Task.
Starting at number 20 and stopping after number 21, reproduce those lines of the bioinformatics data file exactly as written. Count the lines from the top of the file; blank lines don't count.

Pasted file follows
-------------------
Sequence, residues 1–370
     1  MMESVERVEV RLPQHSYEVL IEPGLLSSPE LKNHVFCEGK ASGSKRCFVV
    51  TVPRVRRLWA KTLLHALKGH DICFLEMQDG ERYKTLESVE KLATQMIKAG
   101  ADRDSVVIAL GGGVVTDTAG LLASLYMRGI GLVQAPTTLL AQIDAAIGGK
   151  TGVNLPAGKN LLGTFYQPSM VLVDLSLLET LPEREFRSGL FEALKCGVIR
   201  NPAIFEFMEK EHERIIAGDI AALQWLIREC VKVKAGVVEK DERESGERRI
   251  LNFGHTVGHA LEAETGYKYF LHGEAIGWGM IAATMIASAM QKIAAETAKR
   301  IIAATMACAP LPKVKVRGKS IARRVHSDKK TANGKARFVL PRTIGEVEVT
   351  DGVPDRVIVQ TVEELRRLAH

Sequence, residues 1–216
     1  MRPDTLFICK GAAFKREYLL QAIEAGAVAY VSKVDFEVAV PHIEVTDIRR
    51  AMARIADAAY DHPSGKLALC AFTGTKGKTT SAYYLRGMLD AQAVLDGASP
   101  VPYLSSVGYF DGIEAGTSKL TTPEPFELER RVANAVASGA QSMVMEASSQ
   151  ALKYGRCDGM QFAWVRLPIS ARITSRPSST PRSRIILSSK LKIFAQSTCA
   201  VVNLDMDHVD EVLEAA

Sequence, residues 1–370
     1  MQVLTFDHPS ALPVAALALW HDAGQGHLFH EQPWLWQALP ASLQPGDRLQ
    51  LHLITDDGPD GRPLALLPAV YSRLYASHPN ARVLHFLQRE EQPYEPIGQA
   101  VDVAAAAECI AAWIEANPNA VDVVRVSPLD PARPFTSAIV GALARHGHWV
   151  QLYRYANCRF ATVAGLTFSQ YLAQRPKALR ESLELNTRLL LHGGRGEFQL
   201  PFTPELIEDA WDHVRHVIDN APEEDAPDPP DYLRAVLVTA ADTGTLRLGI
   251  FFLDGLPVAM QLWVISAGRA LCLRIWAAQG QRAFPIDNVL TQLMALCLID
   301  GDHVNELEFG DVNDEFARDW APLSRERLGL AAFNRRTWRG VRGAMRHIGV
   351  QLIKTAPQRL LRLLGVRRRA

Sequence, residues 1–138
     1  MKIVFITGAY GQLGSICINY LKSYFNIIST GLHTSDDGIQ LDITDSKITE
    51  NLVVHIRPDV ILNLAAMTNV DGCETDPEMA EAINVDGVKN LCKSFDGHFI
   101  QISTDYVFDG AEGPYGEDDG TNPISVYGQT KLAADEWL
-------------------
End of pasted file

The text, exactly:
   151  QLYRYANCRF ATVAGLTFSQ YLAQRPKALR ESLELNTRLL LHGGRGEFQL
   201  PFTPELIEDA WDHVRHVIDN APEEDAPDPP DYLRAVLVTA ADTGTLRLGI